(HRQoL). In the overlap group HRQoL was the poorest of all. In the logistic regression model, with
the asthma group as the reference, both the overlap and the COPD group showed higher risk for low
HRQoL [odd ratio (OR): 1.9; 95% CI: 1.2-3.2; and OR: 1.8; 95% CI: 1.0-3.2; respectively]. It is clear that
overlap was associated with low HRQoL, when compared with asthma or COPD only. Miravitlles et
al. (60), analysed data from the EPI-SCAN study, an epidemiological study in Spain that included
3,885 subjects previously diagnosed with asthma. 17.4% of them were classified with the asthma-
COPD overlap phenotype and it was found that they had more dyspnea, wheezing, exacerbations,
reduced levels of physical activity and worse respiratory-specific quality of life (11.1 units on the St.
George’s Respiratory Questionnaire-SGRQ, 95% CI: 4.88-17.36). Discussing about hospital impact we
have already mentioned Menezes et al. (53) before, who evaluated PLATINO study population and
found that patients with overlap were at higher risk not only for exacerbations, but for
hospitalization as well (PR 4.11; 95% CI: 1.45-11.67), compared to COPD patients. Furthermore,
Andersén et al. analysed data from hospitalisations of Finnish people in a period between 1972 and
2009, covering in number the entire Finnish population (5.35 million in 2009). They focused on
patients with primary or secondary diagnosis of asthma or COPD and they found that average
number of treatment periods during 2000-2009 was 2.1 in asthma, 3.4 in COPD and 6.0 in overlap
syndrome (61).

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In summary, it has been already understood the specificity of a separate clinical entity called ACOS.
Even though ACOS develops indistinct clinical and pathophysiological features that often are
complicated with those of asthma or COPD, we must emphasize the importance of the syndrome.
Studying further the syndrome may we discover mechanistic pathways leading to the development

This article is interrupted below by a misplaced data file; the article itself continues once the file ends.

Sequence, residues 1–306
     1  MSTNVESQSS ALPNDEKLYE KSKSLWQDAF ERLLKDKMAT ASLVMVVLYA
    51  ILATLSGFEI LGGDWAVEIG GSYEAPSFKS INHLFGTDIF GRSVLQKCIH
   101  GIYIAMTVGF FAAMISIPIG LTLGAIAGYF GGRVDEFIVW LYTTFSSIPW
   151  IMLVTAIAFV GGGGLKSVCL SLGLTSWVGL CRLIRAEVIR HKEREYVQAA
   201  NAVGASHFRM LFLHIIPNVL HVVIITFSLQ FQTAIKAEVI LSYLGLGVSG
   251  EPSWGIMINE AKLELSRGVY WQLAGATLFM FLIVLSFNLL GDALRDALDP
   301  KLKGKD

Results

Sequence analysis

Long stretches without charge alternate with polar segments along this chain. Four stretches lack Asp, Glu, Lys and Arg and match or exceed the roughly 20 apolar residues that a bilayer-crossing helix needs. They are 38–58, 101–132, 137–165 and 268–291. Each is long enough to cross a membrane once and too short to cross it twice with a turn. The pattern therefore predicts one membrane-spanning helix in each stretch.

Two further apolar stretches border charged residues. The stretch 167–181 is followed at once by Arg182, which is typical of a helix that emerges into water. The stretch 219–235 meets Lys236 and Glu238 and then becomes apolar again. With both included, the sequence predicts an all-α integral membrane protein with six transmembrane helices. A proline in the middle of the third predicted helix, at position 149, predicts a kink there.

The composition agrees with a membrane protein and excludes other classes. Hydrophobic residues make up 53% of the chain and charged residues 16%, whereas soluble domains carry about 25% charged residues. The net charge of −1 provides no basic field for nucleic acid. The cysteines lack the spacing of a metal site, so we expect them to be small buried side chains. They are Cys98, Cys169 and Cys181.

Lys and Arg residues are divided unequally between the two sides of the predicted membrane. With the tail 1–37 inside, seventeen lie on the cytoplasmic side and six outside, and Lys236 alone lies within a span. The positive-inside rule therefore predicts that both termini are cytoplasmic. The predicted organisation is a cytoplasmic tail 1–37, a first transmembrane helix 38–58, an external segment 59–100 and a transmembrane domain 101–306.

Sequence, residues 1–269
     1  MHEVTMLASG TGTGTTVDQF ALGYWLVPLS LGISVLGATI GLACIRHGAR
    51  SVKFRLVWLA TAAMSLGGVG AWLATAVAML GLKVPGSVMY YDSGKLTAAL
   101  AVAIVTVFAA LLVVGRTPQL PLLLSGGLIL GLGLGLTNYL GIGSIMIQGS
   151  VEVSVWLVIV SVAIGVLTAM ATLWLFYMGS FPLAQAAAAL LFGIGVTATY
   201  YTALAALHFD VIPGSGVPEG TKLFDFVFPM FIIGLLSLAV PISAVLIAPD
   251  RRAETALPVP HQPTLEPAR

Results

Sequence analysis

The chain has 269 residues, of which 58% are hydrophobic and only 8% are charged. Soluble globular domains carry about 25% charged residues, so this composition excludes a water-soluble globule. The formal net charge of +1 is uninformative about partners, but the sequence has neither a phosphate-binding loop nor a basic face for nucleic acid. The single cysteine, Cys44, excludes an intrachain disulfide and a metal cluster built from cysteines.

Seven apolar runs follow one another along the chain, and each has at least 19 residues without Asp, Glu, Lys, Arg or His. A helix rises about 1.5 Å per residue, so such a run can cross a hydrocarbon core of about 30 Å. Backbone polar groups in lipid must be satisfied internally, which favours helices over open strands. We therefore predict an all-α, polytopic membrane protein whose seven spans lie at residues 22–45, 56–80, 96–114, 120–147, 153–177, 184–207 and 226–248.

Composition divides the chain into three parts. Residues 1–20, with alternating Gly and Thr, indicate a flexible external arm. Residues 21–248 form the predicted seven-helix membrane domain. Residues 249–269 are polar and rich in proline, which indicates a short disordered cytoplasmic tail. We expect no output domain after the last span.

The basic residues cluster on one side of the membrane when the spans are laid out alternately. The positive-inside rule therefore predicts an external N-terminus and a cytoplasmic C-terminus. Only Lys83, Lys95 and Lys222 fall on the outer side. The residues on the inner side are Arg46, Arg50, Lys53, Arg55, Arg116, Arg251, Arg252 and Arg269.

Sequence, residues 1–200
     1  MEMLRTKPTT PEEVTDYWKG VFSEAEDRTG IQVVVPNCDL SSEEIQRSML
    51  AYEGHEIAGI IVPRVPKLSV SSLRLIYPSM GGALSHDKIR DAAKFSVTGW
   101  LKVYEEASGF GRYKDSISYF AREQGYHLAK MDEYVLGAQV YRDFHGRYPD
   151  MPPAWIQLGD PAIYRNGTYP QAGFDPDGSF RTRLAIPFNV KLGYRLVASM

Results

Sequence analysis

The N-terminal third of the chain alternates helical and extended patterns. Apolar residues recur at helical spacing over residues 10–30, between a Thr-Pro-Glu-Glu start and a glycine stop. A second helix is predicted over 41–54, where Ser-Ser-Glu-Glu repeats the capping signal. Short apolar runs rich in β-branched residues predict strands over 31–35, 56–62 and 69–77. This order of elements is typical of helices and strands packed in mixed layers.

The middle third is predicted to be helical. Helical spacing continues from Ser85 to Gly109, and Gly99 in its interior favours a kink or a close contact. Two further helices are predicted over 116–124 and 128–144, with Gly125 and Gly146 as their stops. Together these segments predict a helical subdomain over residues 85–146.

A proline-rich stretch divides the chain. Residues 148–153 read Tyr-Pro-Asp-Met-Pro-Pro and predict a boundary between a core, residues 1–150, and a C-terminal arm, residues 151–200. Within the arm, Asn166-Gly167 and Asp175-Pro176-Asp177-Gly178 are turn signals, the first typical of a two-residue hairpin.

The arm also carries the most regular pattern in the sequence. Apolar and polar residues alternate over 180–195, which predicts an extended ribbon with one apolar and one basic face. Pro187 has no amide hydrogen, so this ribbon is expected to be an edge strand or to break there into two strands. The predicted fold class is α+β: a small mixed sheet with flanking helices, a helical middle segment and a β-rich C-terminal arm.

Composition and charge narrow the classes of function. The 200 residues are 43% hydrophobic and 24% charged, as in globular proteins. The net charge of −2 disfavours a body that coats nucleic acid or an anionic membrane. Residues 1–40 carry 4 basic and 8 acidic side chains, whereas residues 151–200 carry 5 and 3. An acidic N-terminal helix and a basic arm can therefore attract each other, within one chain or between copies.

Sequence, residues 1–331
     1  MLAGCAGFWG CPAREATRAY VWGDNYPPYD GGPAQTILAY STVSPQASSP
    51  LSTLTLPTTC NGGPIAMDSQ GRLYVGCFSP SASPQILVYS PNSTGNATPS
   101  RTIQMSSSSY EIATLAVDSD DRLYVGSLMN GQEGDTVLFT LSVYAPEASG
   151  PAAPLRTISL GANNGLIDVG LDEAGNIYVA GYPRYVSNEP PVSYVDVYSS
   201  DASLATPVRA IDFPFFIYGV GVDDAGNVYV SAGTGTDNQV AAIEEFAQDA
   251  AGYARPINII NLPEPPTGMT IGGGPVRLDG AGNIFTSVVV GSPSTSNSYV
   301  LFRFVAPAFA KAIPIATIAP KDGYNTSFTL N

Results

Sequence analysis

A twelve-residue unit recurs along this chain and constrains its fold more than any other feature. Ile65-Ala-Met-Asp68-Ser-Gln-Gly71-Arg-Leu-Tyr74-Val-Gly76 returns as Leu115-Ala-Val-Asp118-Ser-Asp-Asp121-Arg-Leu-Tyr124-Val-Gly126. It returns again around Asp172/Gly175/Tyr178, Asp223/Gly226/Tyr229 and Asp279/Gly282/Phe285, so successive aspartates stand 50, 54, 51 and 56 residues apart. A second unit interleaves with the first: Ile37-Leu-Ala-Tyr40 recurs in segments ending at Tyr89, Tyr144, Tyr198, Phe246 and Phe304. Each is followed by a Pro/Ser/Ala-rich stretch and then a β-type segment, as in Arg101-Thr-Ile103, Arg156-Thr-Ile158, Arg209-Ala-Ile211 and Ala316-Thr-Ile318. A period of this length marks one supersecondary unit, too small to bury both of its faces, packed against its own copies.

of COPD. And this is important because it is widely known that patients with COPD often are
underdiagnosed, possibly for decades. By recognizing common risk factors it will, maybe, become
possible to understand and modify the progressive deterioration of lung function, which leads to
COPD (Figure 1).

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Object name is jtd-06-S1-S146-f1.jpg

Figure 1

Asthma and COPD connection.

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Disclosure: The authors declare no conflict of interest.

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Asthma and chronic obstructive pulmonary disease (COPD) are highly prevalent chronic diseases in
the general population. Both are characterized by heterogeneous chronic airway inflammation and
airway obstruction. In both conditions, chronic inflammation affects the whole respiratory tract,
from central to peripheral airways, with different inflammatory cells recruited, different mediators
produced, and thus differing responses to therapy. Airway obstruction is typically intermittent and
reversible in asthma but is progressive and largely irreversible in COPD. However, there is a
considerable pathologic and functional overlap between these 2 heterogeneous disorders,
particularly among the elderly, who may have components of both diseases (asthma-COPD overlap
syndrome). The definitions for asthma and COPD recommended by current guidelines are useful but
limited because they do not illustrate the full spectrum of obstructive airway diseases that is
encountered in clinical practice. Defining asthma and COPD as separate entities neglects a
considerable proportion of patients with overlapping features and is largely based on expert opinion
rather than on the best current evidence. The presence of different phenotypes or components of
obstructive airway diseases, therefore, needs to be addressed to individualize and optimize
treatment to achieve the best effect with the fewest side effects for the patient. Although specific
interventions vary by disease, the treatment goals of obstructive airway diseases are similar and
driven primarily by the need to control symptoms, optimize health status, and prevent